I have been thinking about it for sometime – of writing down my childhood memories of people, places and events. I lived in both my grandma houses (one from my dad’s side and another from my mom’s side) and encountered many interesting and hard to forget memories – I might as well, start writing them down before I start to forget it.
To set some goals for me to write this, I will try to do this as a series, posted every Wednesday (keyword: “will try”).
I will start with my grandma’s house – grandma here is from my dad’s side. I did not really like her (I don’t know why but perhaps she looked and sounded mean), in fact I did not really her other children (my uncles and aunties from my dad’s side) and thankfully my other grandma & uncles (from my mom’s side) was there to “rescue” me.
(The house used to be here somewhere. Now the area has been closed off and redeveloped. The old place has been completely lost. Photo source: Google Earth)
The grandma’s house was in Serdang Lama – now high speed train runs through the place now. In the 1970s and 1980s, that place was different from what it is now. Back then, from the main road, where there was a railway crossing, one needs to walk through a unpaved road passing a huge house on the left (another relative of ours was staying there) till a point where the road splits into 2 – on the left, it heads towards a charcoal factory whilst the right, lining along the railway track heads towards a Malay village.
One needs to take the left road – passing by the charcoal factory. There are plenty of freshly cut tree trunks lying on the road side and one needs to be very careful with huge trucks coming in and out their loads of tree trunks and finished charcoal. The factory itself is a makeshift brick building with 2 hot kilns in it – one can see burning tree trunks in it on daily basis.
Once pass this factory, the sight changes – we will come to a square shaped field with 4 houses surrounding it. The biggest house is of course belongs to my grandma where 3 – 4 family including my dad’s were staying. The field is always green with grasses – every evening without fail, we will have cows roaming on this field. Surrounding the houses and the field was coconut trees and on the opposite side of the entrance there were a huge lake (dried as I can recall) and a path leading a cowherd.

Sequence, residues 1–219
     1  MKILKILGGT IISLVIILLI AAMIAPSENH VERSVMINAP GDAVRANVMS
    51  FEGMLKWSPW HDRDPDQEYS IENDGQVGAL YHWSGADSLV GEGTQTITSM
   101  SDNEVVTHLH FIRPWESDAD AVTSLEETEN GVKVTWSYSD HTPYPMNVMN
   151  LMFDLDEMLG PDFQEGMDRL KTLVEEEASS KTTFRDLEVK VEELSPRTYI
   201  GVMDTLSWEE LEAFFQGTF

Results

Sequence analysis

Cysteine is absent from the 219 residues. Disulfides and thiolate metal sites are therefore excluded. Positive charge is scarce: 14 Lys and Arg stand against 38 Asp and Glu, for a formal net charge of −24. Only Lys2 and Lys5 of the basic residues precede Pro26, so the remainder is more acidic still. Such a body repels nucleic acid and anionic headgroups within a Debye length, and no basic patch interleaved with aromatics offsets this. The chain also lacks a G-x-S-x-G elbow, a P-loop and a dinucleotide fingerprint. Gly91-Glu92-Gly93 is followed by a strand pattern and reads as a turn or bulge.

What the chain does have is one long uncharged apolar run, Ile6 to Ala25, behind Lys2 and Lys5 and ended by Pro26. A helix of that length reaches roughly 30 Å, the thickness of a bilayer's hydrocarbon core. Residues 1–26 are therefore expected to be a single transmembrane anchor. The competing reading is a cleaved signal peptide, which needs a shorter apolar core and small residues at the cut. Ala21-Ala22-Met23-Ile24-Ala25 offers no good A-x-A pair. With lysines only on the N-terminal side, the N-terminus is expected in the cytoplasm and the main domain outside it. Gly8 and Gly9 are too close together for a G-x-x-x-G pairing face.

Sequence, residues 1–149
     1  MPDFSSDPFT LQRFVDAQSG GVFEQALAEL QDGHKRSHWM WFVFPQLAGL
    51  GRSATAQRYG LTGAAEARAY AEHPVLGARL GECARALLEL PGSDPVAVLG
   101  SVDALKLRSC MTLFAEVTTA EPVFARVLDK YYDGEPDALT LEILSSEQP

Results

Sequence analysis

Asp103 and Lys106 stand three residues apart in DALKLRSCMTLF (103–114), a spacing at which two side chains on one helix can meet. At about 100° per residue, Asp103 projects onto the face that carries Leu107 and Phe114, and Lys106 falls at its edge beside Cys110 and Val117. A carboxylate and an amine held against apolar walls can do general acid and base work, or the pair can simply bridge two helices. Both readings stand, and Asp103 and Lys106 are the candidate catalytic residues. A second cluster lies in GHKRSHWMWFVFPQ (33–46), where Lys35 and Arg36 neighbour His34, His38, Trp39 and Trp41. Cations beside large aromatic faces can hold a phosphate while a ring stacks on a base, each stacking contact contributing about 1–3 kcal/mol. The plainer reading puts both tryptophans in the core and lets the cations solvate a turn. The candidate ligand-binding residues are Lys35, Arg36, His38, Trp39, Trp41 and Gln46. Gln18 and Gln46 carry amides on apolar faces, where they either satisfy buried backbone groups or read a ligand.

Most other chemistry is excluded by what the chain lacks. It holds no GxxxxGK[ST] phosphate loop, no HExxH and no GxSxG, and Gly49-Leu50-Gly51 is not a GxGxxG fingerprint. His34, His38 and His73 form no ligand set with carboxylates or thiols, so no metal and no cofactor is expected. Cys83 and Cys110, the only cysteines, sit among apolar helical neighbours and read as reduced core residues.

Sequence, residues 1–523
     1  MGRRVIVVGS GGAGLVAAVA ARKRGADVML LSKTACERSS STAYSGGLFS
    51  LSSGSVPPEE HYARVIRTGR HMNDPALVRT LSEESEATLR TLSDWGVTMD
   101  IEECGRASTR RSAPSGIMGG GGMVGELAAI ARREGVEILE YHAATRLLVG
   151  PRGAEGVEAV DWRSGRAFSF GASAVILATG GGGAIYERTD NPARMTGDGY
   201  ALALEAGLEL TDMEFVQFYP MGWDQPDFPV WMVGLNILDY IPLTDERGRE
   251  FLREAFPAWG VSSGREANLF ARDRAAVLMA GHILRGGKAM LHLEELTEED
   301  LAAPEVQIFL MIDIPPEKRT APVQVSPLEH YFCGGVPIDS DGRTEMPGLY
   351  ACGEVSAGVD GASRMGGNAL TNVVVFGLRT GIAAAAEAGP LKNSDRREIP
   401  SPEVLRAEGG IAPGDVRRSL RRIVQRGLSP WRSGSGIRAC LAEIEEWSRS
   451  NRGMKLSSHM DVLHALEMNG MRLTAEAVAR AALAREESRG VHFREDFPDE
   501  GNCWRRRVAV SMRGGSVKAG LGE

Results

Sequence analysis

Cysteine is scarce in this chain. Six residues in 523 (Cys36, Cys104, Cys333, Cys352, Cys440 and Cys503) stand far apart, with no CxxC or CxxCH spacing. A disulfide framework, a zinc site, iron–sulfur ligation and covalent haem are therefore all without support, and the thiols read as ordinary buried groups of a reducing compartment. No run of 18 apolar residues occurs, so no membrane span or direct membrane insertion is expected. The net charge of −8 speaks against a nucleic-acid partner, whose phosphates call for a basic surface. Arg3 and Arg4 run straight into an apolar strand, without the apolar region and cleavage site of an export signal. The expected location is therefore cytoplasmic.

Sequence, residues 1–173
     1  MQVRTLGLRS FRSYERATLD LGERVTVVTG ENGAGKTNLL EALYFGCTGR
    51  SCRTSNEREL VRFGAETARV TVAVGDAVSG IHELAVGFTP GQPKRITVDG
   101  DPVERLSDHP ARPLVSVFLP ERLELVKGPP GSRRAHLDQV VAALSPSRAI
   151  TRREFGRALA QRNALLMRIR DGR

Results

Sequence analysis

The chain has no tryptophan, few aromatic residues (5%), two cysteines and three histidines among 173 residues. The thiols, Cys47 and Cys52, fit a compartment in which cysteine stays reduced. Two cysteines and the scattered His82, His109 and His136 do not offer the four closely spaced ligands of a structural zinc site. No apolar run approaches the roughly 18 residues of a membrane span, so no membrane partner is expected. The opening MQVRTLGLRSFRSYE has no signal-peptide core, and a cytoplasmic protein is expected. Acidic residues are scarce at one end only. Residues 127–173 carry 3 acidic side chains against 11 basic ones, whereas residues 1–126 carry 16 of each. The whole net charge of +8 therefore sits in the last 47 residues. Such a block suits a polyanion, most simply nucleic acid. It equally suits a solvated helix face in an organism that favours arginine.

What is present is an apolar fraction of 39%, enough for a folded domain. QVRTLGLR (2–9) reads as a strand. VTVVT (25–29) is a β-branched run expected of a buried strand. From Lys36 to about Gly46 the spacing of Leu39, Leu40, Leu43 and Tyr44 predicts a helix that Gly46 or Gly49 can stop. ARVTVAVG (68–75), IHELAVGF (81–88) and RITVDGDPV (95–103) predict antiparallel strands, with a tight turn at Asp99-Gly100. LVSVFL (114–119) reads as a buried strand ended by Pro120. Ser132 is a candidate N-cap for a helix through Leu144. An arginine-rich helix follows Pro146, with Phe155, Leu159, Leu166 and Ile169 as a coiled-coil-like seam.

At the back of the grandma’s house was a small hill where there was a Malay house and thereafter the railway track.
There were 4 rooms in the house to sleep – so we had 3 families in 3 of the rooms leaving one for the unmarried uncle. Walking towards the back was the kitchen and small room for provisions. There was a huge water tank right in the kitchen for collecting rain water. Those days, we took shower in collected rain waters.
I can’t really recall which room I used sleep in but I still remember of the room where the bed was on a higher grounds (the lower area was used to keep bags, etc). There was a small garden at the side of the house where we get some of the vegetables for cooking.
(The only source of light in the house during the night – Photo source: http://hometown.aol.co.uk/)
I think we had piped water which was used for cooking but definitely there were no electricity. So, there were no fans, TV or radio during the night. The evening starts with my uncle starting up kerosene lamps for the family.
It was warm in the night (we sweat very fast) but we had no choice – the only entertainment that I recall is where people sit together and having chit-chats. Almost every night, we go to bed early (and wake up early). There were no toilets – so we small kids have to go “outdoor” on the dried lake for our “big businesses”.
Fresh coffee and bread was the ideal breakfast in this house and it was served almost on daily basis. Once in a while we may have roti canai with sugar for the small kids but the bread was there as the main item. Probably the best thing I had in this house was the bread with hot coffee (freshly blended from a shop nearby). Lunch was a normal here – typical Indian food but shared with other kids in the house.
The best thing about this house was the railway track. Dangerous (when I think about it now) but if you could get close enough to the tracks when the train is passing by (there were no fences to keep people out from the tracks), the feeling is simply explosive. It is even better here because the train driver would sound the train horns just before the railway crossings. Wow!
To be continued…